"We have selected Telefonica to provide us carrier service based on their network performance, their superior cost performance and security," says Olga Stroud, director of information services for Latin America and the Caribbean for Nortel. Rising Internet traffic in Latin America means more business for Nortel. "Our infrastructure is constantly expanding," says Stroud.

For Lucent Technologies, the need for security is on the rise as Latin America recovers. Brazil, say some experts, is the source of more Internet attacks than any other country in the world. "Before people would think worm attacks and hackers and breaches of security would only be in North America, but unfortunately we're seeing it in our region," says Frank Contijoch, value proposition manager at the marketing and sales unit of Lucent's Latin America and Caribbean division. Lucent provides services to safeguard clients against threats. It also provides technology that allows people to make phone calls over the Internet.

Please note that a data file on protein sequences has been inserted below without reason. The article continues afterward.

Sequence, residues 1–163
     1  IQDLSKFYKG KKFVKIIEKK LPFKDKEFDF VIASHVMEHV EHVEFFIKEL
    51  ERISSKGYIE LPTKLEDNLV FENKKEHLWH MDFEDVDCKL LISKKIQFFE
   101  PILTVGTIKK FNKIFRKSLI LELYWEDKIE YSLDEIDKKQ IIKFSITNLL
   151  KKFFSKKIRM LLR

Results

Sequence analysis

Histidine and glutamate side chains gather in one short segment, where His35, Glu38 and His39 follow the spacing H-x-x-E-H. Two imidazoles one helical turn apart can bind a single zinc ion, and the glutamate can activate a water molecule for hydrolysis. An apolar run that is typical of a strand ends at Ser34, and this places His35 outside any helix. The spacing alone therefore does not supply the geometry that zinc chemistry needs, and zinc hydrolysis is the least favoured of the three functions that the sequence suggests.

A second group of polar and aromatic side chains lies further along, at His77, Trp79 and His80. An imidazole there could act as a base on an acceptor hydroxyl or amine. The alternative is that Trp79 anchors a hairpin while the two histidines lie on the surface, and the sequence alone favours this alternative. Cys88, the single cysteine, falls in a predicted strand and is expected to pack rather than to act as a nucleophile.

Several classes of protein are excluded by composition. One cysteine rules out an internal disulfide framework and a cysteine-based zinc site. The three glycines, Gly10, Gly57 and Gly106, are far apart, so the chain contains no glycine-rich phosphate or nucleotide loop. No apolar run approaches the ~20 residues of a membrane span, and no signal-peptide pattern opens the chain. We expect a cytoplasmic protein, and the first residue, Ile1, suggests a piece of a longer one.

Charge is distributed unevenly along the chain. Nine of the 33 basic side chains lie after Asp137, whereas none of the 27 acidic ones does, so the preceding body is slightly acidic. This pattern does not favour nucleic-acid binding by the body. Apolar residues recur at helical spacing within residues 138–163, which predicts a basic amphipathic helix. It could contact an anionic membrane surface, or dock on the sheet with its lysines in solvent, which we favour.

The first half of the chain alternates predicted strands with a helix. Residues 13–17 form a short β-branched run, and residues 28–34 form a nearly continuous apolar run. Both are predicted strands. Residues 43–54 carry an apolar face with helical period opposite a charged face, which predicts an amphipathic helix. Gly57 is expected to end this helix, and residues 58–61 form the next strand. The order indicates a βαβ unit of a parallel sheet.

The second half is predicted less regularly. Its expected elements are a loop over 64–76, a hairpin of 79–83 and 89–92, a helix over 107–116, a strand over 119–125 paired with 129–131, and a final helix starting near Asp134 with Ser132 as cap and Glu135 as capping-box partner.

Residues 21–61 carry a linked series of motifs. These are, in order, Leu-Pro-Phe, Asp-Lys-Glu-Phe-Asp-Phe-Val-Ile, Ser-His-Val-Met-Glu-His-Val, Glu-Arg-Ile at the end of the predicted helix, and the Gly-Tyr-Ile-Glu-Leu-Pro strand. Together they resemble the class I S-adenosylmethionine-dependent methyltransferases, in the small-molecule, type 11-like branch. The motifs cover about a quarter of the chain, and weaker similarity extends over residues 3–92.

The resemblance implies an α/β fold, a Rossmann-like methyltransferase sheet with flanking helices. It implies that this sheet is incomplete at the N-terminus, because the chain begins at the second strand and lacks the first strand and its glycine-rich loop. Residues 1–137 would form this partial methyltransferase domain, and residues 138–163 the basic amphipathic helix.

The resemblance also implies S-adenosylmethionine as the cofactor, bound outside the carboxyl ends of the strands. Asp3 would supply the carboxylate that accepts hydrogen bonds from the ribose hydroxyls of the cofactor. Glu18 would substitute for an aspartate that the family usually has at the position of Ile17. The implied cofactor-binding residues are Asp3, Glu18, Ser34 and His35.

While Internet access is on the rise, broadband Internet penetration is needed for business to take advantage of services such as voice-over-Internet. Internet service providers must invest to offer broadband services, too, a timely and costly process, although more and more are providing broadband instead of dial-up in key markets. While switching from dial-up Internet access to broadband is expensive for both providers and users, many companies in the region are making the jump just the same. "Countries like Brazil are making inroads daily," Contijoch says.
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Title Annotation:INTERNET
Comment:Heavy traffic: rising internet use in Latin America is bringing in business--at last.(INTERNET)
Author:Jones, Forrest
Publication:Latin Trade
Geographic Code:0LATI
Date:Jun 1, 2005
Words:1184